Category Archives: World Music

Laurie Anderson collaborates on Songs from the Bardo

Laurie Anderson, musician and visual/conceptual artist, has made her bones exploring the intersection between the deep philosophical ruminations of fine art and the commercial world of popular culture, with results that are by turns fascinating, hilarious, sad, and chilling. Her latest collaboration, Songs from the Bardo, looks deeply into the Tibetan Buddhism that she has studied and whose ideas she has incorporated into previous work.

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The NDIM Guide to Dub

Dub music is generally considered a subgenre of reggae, and that is where its roots lie, but it has gone through several periods and a variety of innovative artists so that it no longer seems beholden to any genre. Indeed it has influenced nearly everything it has come into contact with. Musical genres as varied as punk rock, hip hop, trip hop, techno, house, and most subsequent permutations of dance or electronic music have all been imprinted heavily with the heavy sounds and trippy legacy of dub music.

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Susheela Raman: Ghost Gamelan

Susheela Raman doesn’t think much of borders. Born in London to South Indian parents but raised in Australia, her musical career has been all about bringing together people, cultures, ideas, and sounds to create her own musical voice. She’s worked with musicians from South and South East Asia, Africa, Greece, Turkey, and North Africa on previous releases such as Music For Crocodiles and Vel. So it doesn’t seem at all odd that for her latest album, Ghost Gamelan, she has worked with gamelan musicians from Java.

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Susheela Raman: Music For Crocodiles

Susheela Raman is one in a line of Indian performers who have sought to bring the traditional aspects of the music of their heritage into a satisfying mix with popular Western musical forms in a way that does not subjugate the exotic elements, making them into mere ornaments that only pay lip service to age old musical traditions. On Music for Crocodiles, her third album, Raman pushes a bit further out from her comfort zone, performing the majority of the songs in English.

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Sons of Kemet: Your Queen Is a Reptile

by Marshall Bowden

In the acknowledgments of his book Cut ‘N Mix: Culture and Identity in Carribean Music, Dick Hebdige notes that

“In his book There Ain’t No Black In The Union Jack, Paul Gilroy has suggested that music functions within the culture of the black diaspora as an alternative public sphere. Sometimes a reggae toast or soul rap might consist of little more than a list of names or titles. Naming can be in and of itself an act of invocation, conferring power and/or grace upon the namer: the names can carry power in themselves. The titles bestowed on Halile Selassie in a Rastafarian chant or a reggae toast or on James Brown or Aretha Franklin in a soul or MC rap testify to this power. More importantly in this context, the namer pays tribute in the ‘name check’ to the community from winch (s)he has sprung and without which (s)he would be unable to survive.”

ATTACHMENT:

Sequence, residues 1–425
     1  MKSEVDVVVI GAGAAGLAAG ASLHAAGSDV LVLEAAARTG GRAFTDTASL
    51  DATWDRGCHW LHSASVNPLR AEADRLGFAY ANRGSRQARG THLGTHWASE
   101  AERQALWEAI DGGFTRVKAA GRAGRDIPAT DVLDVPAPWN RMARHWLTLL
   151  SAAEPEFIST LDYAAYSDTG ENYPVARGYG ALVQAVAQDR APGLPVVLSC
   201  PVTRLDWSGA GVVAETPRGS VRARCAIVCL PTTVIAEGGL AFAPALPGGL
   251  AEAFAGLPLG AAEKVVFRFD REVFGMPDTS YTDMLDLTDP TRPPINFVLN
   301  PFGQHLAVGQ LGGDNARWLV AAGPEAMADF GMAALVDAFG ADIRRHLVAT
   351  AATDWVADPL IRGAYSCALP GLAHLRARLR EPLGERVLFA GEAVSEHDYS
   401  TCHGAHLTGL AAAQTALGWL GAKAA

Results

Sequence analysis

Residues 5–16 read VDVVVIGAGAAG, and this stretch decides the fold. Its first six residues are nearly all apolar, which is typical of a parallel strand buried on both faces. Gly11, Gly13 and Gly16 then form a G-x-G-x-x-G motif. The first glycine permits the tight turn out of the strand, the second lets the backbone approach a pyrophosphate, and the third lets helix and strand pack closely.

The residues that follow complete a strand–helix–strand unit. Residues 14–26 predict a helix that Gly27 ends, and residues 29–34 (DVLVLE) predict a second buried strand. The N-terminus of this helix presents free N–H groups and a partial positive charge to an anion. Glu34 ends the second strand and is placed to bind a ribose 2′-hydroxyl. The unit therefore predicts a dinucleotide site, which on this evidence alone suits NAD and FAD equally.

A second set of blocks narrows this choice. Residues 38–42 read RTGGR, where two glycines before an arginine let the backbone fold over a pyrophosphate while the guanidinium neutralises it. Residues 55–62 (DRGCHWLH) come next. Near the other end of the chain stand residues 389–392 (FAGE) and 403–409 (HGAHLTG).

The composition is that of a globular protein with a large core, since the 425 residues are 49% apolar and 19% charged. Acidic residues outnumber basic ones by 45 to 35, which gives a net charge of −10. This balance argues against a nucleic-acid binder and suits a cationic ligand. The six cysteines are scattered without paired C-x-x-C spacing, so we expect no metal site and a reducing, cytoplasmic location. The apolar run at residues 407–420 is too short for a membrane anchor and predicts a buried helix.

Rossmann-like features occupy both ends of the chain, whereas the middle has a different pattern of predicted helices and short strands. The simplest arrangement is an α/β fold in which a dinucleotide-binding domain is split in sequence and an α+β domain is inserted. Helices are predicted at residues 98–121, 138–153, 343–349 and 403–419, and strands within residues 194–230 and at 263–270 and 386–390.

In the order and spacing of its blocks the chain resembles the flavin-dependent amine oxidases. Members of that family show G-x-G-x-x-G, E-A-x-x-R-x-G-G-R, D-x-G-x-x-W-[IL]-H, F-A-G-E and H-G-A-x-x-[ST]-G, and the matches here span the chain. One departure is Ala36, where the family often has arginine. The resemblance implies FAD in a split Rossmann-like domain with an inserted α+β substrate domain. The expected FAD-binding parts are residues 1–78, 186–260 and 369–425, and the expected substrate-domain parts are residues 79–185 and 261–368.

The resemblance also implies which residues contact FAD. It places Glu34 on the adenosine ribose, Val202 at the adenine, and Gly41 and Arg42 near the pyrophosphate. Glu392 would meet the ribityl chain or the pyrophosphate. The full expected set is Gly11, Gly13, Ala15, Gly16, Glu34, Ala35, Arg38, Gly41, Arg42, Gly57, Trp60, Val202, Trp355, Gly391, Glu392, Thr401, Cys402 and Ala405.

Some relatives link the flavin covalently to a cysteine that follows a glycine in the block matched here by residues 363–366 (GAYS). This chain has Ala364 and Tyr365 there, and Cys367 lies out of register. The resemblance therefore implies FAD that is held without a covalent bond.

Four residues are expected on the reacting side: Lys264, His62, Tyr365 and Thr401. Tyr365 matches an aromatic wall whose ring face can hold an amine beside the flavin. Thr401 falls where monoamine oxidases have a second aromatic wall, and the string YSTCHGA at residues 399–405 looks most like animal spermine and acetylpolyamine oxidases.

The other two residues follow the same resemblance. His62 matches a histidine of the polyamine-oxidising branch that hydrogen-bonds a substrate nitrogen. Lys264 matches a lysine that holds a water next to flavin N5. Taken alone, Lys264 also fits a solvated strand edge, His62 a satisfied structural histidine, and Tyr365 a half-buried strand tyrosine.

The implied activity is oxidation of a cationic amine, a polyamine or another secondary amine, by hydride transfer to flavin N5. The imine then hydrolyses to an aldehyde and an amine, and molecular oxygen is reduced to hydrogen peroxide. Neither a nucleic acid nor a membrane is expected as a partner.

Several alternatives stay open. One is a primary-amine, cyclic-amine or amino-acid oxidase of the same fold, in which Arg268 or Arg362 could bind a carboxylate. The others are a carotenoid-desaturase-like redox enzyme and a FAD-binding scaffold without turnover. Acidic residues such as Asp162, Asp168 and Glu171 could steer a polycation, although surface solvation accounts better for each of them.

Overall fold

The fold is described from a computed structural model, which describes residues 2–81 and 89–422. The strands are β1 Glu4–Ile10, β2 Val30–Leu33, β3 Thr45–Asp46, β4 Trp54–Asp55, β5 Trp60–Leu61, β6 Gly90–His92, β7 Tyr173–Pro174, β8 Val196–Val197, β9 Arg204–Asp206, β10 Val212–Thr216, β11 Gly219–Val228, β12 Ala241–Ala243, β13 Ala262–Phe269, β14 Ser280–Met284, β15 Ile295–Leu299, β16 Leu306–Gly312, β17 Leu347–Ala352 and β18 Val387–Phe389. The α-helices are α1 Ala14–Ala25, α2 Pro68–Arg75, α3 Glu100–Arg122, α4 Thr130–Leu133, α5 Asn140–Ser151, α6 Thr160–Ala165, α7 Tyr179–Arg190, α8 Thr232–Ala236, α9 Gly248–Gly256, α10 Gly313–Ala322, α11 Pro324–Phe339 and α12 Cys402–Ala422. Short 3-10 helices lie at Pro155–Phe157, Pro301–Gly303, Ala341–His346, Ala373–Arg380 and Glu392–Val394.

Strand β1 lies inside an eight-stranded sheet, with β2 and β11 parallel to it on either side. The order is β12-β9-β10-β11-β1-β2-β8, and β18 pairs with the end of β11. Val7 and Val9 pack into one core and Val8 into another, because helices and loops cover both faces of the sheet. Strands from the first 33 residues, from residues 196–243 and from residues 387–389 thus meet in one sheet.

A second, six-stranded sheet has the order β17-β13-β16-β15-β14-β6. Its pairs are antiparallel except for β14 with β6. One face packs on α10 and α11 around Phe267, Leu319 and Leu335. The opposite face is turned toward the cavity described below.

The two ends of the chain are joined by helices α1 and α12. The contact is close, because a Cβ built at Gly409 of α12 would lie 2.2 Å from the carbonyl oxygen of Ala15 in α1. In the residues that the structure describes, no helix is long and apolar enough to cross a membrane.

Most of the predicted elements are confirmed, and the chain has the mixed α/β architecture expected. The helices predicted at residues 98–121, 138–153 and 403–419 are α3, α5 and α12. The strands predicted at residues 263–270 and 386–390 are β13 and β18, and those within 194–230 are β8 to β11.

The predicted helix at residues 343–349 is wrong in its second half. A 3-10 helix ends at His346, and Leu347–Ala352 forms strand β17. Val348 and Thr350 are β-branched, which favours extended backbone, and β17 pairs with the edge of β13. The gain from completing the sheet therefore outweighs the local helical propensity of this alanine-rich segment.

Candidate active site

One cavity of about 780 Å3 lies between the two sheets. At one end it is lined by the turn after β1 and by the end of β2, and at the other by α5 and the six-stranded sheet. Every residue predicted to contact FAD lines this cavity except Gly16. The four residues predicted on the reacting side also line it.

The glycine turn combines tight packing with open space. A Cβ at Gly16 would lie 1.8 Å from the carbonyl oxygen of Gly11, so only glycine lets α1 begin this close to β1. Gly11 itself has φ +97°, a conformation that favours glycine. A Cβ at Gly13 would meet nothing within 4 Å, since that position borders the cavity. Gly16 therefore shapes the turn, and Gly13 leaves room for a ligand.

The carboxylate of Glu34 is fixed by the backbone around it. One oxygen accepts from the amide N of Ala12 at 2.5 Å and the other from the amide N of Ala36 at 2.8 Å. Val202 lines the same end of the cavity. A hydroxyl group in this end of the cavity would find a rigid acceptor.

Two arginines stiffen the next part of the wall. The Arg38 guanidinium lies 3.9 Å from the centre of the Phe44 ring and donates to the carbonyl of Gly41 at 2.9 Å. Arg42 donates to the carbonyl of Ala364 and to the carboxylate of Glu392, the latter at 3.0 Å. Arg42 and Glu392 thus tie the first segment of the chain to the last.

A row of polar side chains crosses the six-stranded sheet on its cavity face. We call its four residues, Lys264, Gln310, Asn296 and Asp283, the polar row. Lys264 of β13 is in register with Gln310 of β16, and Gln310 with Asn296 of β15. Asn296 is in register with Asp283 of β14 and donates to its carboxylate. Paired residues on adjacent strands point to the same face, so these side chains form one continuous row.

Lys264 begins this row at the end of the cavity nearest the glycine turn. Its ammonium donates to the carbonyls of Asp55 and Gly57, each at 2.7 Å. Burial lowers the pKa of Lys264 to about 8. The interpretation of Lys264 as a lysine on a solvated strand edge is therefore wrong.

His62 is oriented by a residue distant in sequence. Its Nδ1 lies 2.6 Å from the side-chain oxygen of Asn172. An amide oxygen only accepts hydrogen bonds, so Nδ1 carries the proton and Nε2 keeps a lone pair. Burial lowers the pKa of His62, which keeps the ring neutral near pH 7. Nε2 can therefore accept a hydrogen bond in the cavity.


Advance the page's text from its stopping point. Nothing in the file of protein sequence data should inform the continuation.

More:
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Luciana Souza: The New Bossa Nova

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by Marshall Bowden

Read Luciana Souza: The Book of Longing

Listening to Luciana Souza on The New Bossa Nova reminds one of the best elements of bossa, the music that American jazz musicians and listeners fell in love with some fifty years ago. Souza’s voice is so tightly focused, free of distracting embellishments or unnecessary ornamentation, that one can listen to it quite apart from the words, as one would the melodic line of a great instrumentalist. Of course, the voice is truly the most intimate of all instruments, because it is created by the singer’s own body and because it is capable of transmitting meaning not only in melodic or harmonic terms, but also in words.

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Luciana Souza: The Book of Longing

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Read Luciana Souza: The New Bossa Nova

by Marshall Bowden

Luciana Souza is a singer who takes more than a passing interest in the words that she is singing. Previous projects have revolved around poetry and literature: The Poems of Elizabeth Bishop and Other Songs (2000) and Neruda (2004) were based, respectively, on the work of Elizabeth Bishop, an American poet who lived in Brazil for nearly two decades and Chilean poet Pablo Neruda.

Souza’s newest album, The Book of Longing takes its title from Leonard Cohen’s 2006 collection of poetry. She sets the titular poem to music in a track called “The Book.” She adapts Cohen’s tribute to departed singer Carl Anderson, “Nightingale” as “Night Song.” She also takes on Edna St. Vincent Millay’s “Alms”, a sweet melancholy poem about the seasons of love, Emily Dikinson’s “We Grow Accustomed to the Dark,” and Rosetti’s “Remember.” And there are four of Luciana’s own lyrics set to music that is conceived and arranged by her.

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